“If the death toll continues at the present rate, that means there will soon be barely enough bees to pollinate almonds, let alone avocados, blueberries, pears or plums. “We are one poor weather event or high winter bee loss away from a pollination disaster,” USDA scientist Jeff Pettis said in the report.


Jacques Cousteau worried about what humans were doing to the ecosystem: "If we go on the way we have, the fault is our greed and if we are not willing to change, we will disappear from the face of the globe to be replaced by the insect."


Scientists report several factors—from disease-carrying parasites to pesticides. What sickens me stems from the fact that we know our chemicals disrupt every living creature in a cornfield, wheat field, potato field, tomato patch and bean acre. Yet we pour, spray and inject more and more poisons.
A beekeeper said, “Bees are vital to our lives as they are among the primary pollinators of our food plants. It has been deduced that if our native bees were to die out the effect on crops and wild flowers would be utterly catastrophic. As these crops and flowers provide food for our wild and farm animals we could easily lose up to a third of our regular diet. This is a very real problem, and one that is not getting the attention it needs.”


Bees and other pollinators allow humanity to thrive.  Without them, we won’t survive the 21st century.   I finding it particularly galling if not a whole new dimension of “stupid” for our species to continue expanding our numbers while we diminish insect numbers, rodent numbers, big beasts and avian numbers at a rate of one million daily via road kill in the USA alone.


But the wholesale poisoning via such insane herbicides like Roundup makes me sick to my stomach.  Those poisons  travel into the ground, into the angleworms, into the birds, into the bugs and finally into the water systems where they  ultimately poison each and every one of us. How can we be this stupid?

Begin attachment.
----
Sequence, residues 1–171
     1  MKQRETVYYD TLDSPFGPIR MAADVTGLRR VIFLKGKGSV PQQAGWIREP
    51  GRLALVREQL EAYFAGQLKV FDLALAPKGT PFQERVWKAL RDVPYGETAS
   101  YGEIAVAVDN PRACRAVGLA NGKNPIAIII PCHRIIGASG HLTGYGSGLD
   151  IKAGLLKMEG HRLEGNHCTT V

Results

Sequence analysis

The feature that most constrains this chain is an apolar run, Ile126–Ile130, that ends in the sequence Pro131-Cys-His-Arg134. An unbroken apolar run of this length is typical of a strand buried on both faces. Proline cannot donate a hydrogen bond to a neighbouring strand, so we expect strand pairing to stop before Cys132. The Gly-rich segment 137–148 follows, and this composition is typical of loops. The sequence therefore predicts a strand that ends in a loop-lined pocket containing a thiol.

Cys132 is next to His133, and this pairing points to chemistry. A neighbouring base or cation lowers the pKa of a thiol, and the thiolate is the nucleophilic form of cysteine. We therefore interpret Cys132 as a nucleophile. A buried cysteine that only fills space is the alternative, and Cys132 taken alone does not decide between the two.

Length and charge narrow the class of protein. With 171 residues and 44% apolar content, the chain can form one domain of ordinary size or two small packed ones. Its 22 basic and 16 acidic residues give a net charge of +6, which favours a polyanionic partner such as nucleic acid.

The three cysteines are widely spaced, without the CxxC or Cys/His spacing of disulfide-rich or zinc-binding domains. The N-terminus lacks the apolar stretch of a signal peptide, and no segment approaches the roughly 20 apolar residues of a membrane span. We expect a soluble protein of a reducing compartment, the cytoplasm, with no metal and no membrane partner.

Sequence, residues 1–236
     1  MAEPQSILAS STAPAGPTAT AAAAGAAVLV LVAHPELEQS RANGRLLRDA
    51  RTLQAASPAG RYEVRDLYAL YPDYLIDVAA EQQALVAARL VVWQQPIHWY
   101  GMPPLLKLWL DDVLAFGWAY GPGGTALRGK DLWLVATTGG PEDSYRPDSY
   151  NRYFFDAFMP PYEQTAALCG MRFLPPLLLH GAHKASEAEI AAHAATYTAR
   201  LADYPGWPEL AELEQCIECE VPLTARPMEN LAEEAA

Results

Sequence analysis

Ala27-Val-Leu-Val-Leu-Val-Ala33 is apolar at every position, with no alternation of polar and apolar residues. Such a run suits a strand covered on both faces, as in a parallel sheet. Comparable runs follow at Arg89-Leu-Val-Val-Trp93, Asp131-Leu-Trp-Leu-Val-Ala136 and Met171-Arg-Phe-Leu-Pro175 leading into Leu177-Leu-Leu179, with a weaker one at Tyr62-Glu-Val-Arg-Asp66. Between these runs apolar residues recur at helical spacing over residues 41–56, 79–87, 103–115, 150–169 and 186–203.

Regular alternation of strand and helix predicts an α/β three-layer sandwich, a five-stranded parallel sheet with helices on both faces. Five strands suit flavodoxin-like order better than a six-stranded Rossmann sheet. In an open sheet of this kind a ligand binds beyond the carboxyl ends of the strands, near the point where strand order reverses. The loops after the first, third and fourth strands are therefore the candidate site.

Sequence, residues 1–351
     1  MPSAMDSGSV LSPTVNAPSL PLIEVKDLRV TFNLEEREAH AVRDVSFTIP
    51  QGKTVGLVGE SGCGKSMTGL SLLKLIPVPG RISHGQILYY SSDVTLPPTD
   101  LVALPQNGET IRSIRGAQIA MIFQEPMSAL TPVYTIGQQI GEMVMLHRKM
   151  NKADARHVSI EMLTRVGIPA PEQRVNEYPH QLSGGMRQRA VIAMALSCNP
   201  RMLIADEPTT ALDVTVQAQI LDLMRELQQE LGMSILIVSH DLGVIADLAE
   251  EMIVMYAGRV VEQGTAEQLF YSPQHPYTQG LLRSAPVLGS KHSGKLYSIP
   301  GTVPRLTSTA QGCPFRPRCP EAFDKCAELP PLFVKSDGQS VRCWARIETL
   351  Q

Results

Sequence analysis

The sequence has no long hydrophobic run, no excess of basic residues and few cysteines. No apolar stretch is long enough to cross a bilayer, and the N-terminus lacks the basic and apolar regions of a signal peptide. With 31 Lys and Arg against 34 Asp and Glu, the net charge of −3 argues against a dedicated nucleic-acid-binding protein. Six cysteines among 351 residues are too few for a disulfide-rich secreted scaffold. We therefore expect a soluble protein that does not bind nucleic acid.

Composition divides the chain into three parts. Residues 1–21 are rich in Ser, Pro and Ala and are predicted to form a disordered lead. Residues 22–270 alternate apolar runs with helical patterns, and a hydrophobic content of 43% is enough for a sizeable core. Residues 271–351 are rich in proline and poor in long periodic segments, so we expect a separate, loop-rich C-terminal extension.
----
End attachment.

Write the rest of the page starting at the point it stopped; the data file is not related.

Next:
We wonder why 1 out of 3 Americans suffers from the biggest killer in the USA: cancer.  How stupid can we prove ourselves?   How absolutely out of touch and in denial of reality can we be? What kind of intellectually and morally bankrupt greedy money-mongers make TV commercials parading Roundup to millions of really stupid, ignorant and uninformed Americans too fat and too lazy to bend down and pull out the weeds on their driveway with their hands?


To think that within another 37 years, our country will grow by 137 million Americans while the rest of the world adds another 3 billion people—all capable of using Roundup and hundreds of other poisons to kill the bees of the world.  We prove ourselves to be the smartest—dumbest species on this planet.  I’ll toss in arrogant, self-righteous and insanely dull of mind to boot.


Tama Janowitz puts the earthly competition between insects and humans this way: "Long after the bomb falls and you and your good deeds are gone, cockroaches, will still be here, prowling the streets like armored cars."












If we do not change course - consider the possible consequences.